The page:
Ronald Reagan and the National Media
Perhaps the single best-known feature of the Reagan presidency is his extraordinary success with the U.S. media. Labeled the "Great Communicator" and the "Teflon President," Reagan's reputation as a master of imagery far exceeds his reputation as a master of substance. Hand in hand with this reputation, however, comes criticism of the national media, those cowardly members of the Washington media corps who have somehow "let him get away with it." There is a feeling that if only the media had done their job, the public perception of the Reagan presidency would be very different. Clearly, Reagan's relationship with the national media is an important aspect of his rhetorical success. This chapter presents an analysis of that relationship by examining both the institutional and rhetorical aspects of Reagan's dealing with the White House media corps. It is unlike the other analytic chapters in this volume in that the data are from every year of Reagan's presidency and focus on thematic and tactical concerns, rather than change and develop- ment over time.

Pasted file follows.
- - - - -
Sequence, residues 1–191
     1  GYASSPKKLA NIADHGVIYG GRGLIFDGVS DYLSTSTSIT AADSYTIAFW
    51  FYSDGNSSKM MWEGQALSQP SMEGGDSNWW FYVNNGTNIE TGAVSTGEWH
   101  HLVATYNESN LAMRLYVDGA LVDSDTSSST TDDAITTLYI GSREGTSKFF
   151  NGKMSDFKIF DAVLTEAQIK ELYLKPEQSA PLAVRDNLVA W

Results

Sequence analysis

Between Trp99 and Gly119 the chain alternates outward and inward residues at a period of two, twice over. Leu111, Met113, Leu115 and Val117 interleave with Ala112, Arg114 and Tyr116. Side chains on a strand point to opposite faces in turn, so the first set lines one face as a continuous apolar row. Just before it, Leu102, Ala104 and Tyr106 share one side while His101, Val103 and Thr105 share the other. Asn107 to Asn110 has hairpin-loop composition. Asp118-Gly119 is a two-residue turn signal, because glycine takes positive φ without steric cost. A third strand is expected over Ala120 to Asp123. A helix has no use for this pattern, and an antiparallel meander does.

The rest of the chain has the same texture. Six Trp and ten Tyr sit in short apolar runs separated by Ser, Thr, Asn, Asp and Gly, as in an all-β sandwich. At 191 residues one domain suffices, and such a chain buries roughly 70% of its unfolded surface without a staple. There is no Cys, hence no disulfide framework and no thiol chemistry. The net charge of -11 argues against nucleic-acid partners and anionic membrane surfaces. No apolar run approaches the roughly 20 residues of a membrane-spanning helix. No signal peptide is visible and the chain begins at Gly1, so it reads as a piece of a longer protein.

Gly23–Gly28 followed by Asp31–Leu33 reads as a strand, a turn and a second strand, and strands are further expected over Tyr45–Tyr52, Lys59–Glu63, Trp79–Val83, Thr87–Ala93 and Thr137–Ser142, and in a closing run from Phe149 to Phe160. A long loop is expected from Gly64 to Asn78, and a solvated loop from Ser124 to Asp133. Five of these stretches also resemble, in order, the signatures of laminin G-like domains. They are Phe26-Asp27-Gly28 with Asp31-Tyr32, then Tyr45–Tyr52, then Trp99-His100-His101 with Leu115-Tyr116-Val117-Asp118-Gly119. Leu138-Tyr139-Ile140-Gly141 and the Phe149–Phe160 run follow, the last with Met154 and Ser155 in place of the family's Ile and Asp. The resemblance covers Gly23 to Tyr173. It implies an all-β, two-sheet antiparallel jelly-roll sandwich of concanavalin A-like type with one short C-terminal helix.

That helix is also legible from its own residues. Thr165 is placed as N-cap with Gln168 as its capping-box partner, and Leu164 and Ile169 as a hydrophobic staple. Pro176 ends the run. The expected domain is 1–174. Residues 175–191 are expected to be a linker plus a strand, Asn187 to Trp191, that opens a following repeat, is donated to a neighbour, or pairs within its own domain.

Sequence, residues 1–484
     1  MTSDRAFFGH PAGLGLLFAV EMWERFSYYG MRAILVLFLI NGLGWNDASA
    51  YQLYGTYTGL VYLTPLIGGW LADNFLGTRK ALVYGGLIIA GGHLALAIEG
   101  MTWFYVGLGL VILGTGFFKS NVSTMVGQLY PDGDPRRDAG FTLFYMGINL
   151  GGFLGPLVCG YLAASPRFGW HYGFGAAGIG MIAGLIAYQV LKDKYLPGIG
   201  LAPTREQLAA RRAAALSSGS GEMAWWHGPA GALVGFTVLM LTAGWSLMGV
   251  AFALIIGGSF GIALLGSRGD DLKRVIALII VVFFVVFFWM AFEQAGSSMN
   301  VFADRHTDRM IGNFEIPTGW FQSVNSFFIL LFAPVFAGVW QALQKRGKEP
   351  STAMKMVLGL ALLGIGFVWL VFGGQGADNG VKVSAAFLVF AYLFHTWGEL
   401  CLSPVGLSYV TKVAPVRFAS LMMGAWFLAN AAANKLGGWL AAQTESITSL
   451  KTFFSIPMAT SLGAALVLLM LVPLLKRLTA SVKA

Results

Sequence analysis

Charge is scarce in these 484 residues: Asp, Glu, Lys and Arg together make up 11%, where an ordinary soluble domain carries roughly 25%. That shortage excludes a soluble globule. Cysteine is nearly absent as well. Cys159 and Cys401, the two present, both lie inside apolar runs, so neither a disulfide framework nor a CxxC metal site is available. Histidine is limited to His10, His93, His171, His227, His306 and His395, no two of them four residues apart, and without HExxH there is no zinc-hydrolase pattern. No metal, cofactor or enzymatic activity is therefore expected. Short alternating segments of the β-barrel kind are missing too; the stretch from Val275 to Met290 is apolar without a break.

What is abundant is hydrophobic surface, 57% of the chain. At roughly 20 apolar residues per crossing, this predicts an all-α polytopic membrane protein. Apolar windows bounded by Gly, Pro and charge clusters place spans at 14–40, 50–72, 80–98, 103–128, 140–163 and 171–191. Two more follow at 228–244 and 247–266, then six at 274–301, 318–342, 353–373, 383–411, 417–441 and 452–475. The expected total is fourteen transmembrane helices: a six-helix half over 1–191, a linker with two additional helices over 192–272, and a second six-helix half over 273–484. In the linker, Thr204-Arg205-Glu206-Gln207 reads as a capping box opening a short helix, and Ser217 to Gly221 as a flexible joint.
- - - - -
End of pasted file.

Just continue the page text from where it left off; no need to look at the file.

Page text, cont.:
Ithiel de Sola Pool describes "the whole relationship of reporter and politician" as one that "resembles a bad marriage. They cannot live without each other, nor can they live without hostility. . . . [I]t is conflict within a shared system." 1 There is